UK Politics

Minister attacks 'reprehensible' coverage of jobs plan

Chris Grayling
Image caption Mr Grayling said he was surprised and disappointed by the coverage of the scheme

Employment Minister Chris Grayling has strongly criticised the BBC's coverage of the row last month about the government's Work Experience Scheme.

Appearing in front of the Work and Pensions Select Committee in Parliament, Mr Grayling said that with hindsight though he might have given the scheme a different name.

In two hours of questioning, he talked about the Work Programme and the Work Experience Scheme.

He admitted he was very surprised at the reaction from some to the Work Experience programme.

The scheme allows unemployed youngsters to do unpaid work for up to two months without losing benefits but has been criticised by some as "slave labour".

'Reprehensible'

"We are doing some difficult things, sometimes controversial things at the DWP (Department for Work and Pensions) at the moment," Mr Grayling told MPs. "The Work Experience Scheme is not one of them.

"It literally does what it says on the tin. It is oversubscribed. It is voluntary.

"It never seriously crossed my mind that we'd have the Socialist Workers Party protesting on the streets protesting about the Work Experience Scheme. If I could turn the clock back I might have called the scheme something else. There are some things you can't predict," he said.

Mr Grayling added that he was "very disappointed" at the BBC's coverage.

"I do think there has been a laziness in the coverage. I think some parts of the media frankly took a very bizarre approach towards this. I was very disappointed by some of the coverage of the BBC.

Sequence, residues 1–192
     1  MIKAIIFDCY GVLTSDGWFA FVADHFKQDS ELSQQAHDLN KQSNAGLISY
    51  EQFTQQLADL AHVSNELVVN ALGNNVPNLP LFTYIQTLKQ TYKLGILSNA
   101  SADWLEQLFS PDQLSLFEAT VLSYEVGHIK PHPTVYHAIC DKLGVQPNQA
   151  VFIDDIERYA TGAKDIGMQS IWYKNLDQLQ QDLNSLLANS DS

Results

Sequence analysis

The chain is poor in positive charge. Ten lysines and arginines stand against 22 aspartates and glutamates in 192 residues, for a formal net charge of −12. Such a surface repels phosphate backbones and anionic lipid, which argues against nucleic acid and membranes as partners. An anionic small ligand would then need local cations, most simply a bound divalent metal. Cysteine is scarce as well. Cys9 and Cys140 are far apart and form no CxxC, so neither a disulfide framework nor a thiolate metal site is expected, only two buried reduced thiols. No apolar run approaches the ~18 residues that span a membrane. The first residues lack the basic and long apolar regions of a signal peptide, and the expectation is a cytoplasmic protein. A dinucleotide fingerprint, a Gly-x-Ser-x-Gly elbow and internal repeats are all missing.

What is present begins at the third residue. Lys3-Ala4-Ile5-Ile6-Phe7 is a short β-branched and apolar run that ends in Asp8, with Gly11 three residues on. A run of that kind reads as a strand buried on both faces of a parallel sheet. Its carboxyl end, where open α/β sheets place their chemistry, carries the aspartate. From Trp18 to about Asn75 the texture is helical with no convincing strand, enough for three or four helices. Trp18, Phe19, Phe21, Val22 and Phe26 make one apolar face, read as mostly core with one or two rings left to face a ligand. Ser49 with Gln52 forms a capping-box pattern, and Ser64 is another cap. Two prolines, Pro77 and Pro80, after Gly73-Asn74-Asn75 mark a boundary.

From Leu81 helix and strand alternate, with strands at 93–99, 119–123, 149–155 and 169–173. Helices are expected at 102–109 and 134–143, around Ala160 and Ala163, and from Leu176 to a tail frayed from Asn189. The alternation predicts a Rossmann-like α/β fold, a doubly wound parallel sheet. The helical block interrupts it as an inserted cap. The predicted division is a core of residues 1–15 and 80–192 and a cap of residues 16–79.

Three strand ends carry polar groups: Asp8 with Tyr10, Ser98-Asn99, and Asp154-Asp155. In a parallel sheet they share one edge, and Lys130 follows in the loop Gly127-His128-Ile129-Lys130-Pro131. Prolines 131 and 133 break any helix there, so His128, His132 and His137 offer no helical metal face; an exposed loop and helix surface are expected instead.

"I think the Guardian newspaper got things wrong, but the BBC had more of a duty to get things right and I don't think it made an effort to do so. At the end of the day all of this created a situation where we could have lost something that was making a real difference to young people and I think that was reprehensible."

'Job hunting'

The minister was particularly annoyed with the use of the word "workfare" in reporting.

"One word that kept recurring was 'workfare.' In none of our titles of our schemes or any of the principles of our schemes is workfare. It is all about job search.

"Sometimes intensive activity is designed to stimulate job search but what we haven't done is simply said you have to work for your benefits and that's that nothing else."

Answering earlier questions, Mr Grayling confirmed there are two ongoing investigations into the Work Programme provider A4E - one involving the police, the other a team of auditors from the DWP.

He said contracts would be terminated "if there is evidence of systemic failure".

"We will not tolerate fraud against the DWP," he added.

Mr Grayling said he had high hopes for the Work Programme, but acknowledged it wouldn't be able to help everyone.

"The hard reality is we won't get everyone into work. We won't be able to do something for everyone. We have to be realistic. Some people will be disappointed."

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